Parry: As a caveat, I should say that I teach in a program called arts and technology, so the students I'm dealing with are not only tech-savyy, but they're really smart. Most of them have laptops that they bring to class. A lot know how to do coding and programming, and they also have an artistic side. So it's heavily skewed in my favor.

I would say that of all the things I did [during the fall when I introduced Twitter]--including blogs, Wikipedia ... a whole range of new technologies--it was by far the class favorite. It was most often mentioned on course evaluations, and it's also the one that stuck the most. Out of a class of 20, there are five who heavily use Twitter and five who occasionally use Twitter. So we're talking 50 percent who still use it.... So in that sense, it was well received by students.



Also, one of the things I was trying to teach in that class was [that] it's not about the nodes in the network; it's about the connections you can form between information. So a single blog post doesn't do you any good; it's the blog post connected to another blog post that creates the network.

Briggs: And Twitter really emphasizes that....

Parry: Right. I was having a hard time getting them to realize that.... I think they got it on a theoretical level, but they really weren't seeing the practical implication of it. Once we used Twitter, there were a couple of key moments in the first week. Someone had a question, and they would Twitter, whether it was related to class or not.... My own personal example was, recently I was buying a new computer monitor, and I Twittered, "What should I buy?" Four of my students responded: "Here's a bunch of research I did," and, "Here's my recommendation," all with links.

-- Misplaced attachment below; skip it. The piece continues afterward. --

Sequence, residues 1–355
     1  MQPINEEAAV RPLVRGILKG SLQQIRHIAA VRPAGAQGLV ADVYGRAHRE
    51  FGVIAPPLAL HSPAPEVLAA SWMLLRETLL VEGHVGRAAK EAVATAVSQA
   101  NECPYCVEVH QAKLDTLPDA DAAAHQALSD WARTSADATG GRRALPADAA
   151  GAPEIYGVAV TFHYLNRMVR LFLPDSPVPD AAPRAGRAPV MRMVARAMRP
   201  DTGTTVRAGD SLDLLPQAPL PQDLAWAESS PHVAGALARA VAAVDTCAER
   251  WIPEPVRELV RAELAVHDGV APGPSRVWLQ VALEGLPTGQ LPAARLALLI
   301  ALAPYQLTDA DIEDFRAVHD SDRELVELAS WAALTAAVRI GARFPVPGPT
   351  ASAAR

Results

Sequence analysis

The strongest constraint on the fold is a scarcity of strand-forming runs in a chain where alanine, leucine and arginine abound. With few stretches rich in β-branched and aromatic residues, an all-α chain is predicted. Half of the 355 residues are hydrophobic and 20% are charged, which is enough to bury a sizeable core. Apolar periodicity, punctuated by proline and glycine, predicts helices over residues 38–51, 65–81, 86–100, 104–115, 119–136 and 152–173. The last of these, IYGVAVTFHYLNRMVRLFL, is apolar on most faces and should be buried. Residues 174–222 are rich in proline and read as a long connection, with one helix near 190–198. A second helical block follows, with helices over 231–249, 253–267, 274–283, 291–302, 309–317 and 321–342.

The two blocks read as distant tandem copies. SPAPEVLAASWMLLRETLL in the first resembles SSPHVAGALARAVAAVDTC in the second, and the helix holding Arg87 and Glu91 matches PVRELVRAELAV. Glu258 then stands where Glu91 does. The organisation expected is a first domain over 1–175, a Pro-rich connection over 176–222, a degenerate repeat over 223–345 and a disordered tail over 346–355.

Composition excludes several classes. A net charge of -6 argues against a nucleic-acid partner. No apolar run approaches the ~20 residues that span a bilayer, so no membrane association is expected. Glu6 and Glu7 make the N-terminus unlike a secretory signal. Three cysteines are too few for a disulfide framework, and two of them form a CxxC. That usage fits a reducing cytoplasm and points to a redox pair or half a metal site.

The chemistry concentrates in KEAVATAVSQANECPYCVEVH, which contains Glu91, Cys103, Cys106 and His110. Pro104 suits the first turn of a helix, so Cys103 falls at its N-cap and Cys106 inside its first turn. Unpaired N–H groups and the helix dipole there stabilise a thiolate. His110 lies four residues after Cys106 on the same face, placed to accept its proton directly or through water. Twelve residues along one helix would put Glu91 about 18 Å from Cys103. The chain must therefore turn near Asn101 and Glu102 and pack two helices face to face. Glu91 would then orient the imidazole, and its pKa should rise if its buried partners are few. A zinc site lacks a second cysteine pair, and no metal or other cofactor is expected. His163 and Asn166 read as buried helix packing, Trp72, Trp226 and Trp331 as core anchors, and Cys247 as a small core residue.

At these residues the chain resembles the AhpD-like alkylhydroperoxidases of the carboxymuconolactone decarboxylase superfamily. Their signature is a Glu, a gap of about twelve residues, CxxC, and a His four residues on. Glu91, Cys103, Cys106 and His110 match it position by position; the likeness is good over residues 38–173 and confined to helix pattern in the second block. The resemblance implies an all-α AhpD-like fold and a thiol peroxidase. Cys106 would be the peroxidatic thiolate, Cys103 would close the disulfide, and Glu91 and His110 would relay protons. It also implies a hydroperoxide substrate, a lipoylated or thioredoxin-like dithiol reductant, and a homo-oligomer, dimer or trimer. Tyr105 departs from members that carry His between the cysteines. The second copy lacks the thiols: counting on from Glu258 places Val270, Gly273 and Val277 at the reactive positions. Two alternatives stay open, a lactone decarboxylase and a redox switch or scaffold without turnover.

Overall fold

Briggs: What kinds of reactions did you get to your blog about ways to use Twitter academically? It seems to have garnered lots of attention.

Parry: It was mostly positive.... A lot of people built on my post in terms of, "Oh, here are some things you haven't thought of." People came up with some interesting uses, in particular about teaching large lecture classes, which I've never taught.